Latest Mammary ductal carcinoma Stories
Radiotherapy treatment (RT) after surgery for ductal carcinoma in situ (DCIS)  still has a major protective effect against recurrence more than 15 years later.
Women diagnosed with ductal carcinoma in situ (DCIS) need clear communication and tailored support to enable them to understand this complex breast condition, which has divided the medical profession when it comes to its perception and prognosis.
A Dutch study of the effectiveness of breast cancer screening shows that, even with improved treatments for the disease, population-based mammography programs still save a significant number of lives.
Women aged 50 and over with breasts that have a high percentage of dense tissue are at greater risk of their breast cancer recurring.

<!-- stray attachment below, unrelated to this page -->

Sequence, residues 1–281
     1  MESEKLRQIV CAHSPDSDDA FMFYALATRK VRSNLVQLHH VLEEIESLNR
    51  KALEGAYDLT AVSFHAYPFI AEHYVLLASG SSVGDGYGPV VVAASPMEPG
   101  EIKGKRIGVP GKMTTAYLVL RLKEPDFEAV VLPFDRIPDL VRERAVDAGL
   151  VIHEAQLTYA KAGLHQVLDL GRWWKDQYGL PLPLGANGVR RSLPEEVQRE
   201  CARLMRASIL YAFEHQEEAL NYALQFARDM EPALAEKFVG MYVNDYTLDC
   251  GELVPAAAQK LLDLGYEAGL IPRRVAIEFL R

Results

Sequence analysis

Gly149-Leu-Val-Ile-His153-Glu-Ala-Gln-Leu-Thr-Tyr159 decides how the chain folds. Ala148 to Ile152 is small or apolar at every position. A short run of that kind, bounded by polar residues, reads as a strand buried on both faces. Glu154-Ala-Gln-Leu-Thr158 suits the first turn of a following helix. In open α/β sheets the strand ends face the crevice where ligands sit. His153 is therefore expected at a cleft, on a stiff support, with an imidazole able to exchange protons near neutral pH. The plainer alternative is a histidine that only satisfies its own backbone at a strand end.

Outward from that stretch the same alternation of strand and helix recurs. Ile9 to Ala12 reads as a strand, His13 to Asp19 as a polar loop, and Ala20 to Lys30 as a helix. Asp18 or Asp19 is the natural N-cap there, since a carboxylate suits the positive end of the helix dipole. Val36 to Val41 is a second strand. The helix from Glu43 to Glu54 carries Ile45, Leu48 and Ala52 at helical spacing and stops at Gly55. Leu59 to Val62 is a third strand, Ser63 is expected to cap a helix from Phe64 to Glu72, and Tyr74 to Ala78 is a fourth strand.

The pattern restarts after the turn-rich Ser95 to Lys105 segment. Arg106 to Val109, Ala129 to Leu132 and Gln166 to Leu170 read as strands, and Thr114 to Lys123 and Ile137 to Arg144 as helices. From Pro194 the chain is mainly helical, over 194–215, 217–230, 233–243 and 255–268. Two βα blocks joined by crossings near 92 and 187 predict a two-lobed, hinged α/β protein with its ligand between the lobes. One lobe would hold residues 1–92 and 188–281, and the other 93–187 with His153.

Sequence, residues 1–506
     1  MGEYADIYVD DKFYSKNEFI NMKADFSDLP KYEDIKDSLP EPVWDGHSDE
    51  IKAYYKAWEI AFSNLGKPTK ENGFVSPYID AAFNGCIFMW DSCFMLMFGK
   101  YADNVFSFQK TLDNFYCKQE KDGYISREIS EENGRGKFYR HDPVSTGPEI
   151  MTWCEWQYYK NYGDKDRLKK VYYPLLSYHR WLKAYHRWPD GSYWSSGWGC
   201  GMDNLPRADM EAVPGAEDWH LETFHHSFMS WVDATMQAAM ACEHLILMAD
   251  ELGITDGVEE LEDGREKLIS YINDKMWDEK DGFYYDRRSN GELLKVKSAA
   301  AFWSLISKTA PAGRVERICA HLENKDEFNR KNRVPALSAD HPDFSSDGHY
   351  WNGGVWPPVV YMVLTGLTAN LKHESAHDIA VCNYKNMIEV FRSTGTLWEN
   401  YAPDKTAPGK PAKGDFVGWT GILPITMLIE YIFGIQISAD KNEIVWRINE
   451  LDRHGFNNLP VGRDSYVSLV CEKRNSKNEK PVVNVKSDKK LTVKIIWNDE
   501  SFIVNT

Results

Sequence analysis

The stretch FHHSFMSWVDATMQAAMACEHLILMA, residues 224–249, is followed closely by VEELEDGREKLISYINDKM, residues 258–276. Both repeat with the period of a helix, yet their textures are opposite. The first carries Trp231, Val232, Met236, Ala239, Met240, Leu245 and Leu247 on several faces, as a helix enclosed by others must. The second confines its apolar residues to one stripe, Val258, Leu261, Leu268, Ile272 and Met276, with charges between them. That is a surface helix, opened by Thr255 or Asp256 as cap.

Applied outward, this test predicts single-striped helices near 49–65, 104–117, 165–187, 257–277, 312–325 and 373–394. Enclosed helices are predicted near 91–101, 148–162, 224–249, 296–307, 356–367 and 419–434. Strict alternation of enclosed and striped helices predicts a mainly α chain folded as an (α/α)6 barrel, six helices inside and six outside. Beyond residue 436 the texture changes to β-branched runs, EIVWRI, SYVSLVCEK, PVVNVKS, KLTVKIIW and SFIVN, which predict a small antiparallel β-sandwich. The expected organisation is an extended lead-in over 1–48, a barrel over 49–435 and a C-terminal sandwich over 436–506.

Discovering breast cancer can be devastating to women, but discovering it through mammography may give them a better chance of survival.
Based on a study of nearly 2,000 breast cancer patients, researchers at the Swedish Cancer Institute in Seattle say that, in women between the ages of 40 and 49, breast cancers detected by mammography have a better prognosis.
Researchers have discovered a restricted pattern of molecules that differentiate early-stage breast tumors from invasive, life-threatening cancer.
A new study reveals substantial differences – by both surgeon and institution – in the rates of follow-up surgeries for women who underwent a partial mastectomy for treatment of breast cancer.
According to the results of a new study published in the January 2012 issue of the Journal of the American College of Surgeons, many early-stage breast cancer survivors lacked knowledge about their disease and were not meaningfully involved in treatment discussions or asked their preferences regarding the approach to treatment.
- To play, gamble.
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